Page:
An Auckland City Hospital clinician who was not directly responsible for Tania Dalton’s care accessed the Silver Fern’s medical file in the days before her death.
However, an investigation into the suspected privacy breach has found the staff member had been authorised to access Dalton’s file.
Dalton was admitted to hospital on February 23 after collapsing during a social game of touch rugby.
The 45-year-old’s family said she suffered a ruptured internal carotid artery aneurysm – a brain aneurysm – during the game.
Auckland DHB investigating breach of Dalton’s privacy
Tributes to former Silver Fern Tania Dalton, who has died aged 45
* Tania Dalton farewelled at memorial service on Auckland’s North Shore
Her life support was turned off six days later on February 28.
Earlier that day, Auckland DHB said it had become aware of a suspected breach of Dalton’s privacy.
“Auckland DHB takes patient confidentiality extremely seriously and we are investigating this in line with our usual practice,” a spokesperson said at the time.
Auckland District Health Board chief executive Ailsa Claire said the investigation had since concluded and one clinical staff member who was not directly responsible for Dalton’s care accessed her file during the sports star’s time in Auckland City Hospital.
After going through the usual investigation process it became clear the staff member had been authorised to access the file, Claire said.
While there had been no breach of privacy on this occasion, Auckland DHB promoted awareness of patient privacy in a variety of ways, including training, audits of clinical records and requiring staff to sign a confidentiality agreement, she said.
Clinical staff were also governed by a professional code that stated only those directly responsible for a patient’s care was allowed to access their files.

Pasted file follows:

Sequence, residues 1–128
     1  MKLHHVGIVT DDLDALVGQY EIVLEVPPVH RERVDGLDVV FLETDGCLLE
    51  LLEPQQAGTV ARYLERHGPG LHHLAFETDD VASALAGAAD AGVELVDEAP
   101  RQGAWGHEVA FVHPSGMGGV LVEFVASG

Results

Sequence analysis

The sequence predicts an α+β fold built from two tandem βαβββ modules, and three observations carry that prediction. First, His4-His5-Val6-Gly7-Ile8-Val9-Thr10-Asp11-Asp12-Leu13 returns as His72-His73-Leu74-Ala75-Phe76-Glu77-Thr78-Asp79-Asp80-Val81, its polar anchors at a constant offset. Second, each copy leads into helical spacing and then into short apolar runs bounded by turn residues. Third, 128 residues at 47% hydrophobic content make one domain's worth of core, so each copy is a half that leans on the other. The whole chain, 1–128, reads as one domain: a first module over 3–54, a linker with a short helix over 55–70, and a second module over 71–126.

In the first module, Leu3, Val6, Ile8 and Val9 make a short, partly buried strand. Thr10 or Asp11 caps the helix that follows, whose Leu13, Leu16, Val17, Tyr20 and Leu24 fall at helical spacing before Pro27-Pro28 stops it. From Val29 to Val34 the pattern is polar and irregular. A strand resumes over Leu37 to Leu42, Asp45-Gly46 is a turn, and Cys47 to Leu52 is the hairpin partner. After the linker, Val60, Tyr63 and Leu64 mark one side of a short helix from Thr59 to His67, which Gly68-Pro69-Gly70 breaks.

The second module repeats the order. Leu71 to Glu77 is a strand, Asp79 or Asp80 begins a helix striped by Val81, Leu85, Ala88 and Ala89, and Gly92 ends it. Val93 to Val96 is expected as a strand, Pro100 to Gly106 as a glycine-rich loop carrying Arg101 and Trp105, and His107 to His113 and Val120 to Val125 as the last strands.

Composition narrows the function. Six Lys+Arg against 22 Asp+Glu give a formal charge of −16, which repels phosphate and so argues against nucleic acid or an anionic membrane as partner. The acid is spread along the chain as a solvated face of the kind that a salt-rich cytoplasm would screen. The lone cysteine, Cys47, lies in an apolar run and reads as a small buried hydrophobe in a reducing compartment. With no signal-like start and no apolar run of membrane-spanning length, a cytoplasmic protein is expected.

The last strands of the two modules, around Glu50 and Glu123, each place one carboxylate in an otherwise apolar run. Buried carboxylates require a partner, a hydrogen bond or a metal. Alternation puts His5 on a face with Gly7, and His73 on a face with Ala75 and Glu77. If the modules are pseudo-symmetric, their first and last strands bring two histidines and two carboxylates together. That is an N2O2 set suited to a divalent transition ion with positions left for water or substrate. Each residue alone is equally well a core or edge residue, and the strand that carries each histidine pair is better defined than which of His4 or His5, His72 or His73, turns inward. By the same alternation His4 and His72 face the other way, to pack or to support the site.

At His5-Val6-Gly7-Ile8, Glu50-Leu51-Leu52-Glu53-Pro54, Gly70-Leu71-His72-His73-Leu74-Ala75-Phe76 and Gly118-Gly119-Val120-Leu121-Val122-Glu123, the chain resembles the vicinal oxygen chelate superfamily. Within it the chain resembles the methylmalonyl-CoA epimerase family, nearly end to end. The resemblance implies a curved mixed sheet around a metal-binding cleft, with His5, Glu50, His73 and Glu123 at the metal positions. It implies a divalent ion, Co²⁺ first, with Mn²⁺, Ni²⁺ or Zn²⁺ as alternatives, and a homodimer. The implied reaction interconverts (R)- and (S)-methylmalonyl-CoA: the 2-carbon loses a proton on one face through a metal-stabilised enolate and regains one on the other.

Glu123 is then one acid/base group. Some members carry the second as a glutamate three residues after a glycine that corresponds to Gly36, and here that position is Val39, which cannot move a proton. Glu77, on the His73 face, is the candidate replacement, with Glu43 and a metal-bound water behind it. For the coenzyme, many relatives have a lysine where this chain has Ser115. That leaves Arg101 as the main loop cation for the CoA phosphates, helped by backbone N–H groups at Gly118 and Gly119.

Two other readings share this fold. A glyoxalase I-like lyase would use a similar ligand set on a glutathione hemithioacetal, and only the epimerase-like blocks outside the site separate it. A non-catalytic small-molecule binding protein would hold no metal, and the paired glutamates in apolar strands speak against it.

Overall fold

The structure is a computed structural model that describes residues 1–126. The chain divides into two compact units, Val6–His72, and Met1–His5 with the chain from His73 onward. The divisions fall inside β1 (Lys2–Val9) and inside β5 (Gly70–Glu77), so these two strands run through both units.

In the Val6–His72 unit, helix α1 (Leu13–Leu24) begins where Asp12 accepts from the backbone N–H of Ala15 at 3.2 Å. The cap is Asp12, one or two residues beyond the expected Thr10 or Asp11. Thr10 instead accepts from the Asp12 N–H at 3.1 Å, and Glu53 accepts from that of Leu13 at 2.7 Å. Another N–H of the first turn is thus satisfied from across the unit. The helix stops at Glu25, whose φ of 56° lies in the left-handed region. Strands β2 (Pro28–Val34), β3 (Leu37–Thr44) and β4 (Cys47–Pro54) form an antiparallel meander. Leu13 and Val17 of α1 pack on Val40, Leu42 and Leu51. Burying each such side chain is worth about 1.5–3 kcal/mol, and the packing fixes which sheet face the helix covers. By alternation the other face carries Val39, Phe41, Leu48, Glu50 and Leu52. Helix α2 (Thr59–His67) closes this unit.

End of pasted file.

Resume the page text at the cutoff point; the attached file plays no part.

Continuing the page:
Despite clear privacy codes, this is not the first time patient privacy has been an issue in New Zealand.
In 2013, four clinicians who breached patient confidentiality by accessing cricketer Jesse Ryder’s medical records faced disciplinary action.
An investigation by Canterbury DHB found there had been a total of seven breaches to Ryder’s X-ray records by staff not involved in his case.
And in 2012, 33 Auckland City Hospital staff were disciplined after looking up details about a man who had an eel stuck up his bottom.
BREACH OF PRIVACY
A clinician who is not directly involved in a patient’s case but accesses their health information, is in breach of The Health Information Privacy Code 1994.
The code applies to health information relating to identifiable individuals and applies to all agencies providing personal or public health or disability services.
Most clinicians’ contracts also have a clause that relates to confidentiality and protection of information obtained during their employment.
If a healthcare worker accesses the notes of a patient who they are not providing care to, they are likely to be in breach of their employment contract and possibly face disciplinary action from their employer.
Now most records are in electronic form and are accessed via the employer’s database. This makes it easier for employers to see who has accessed the patient’s clinical records, when they did so, and what they looked at.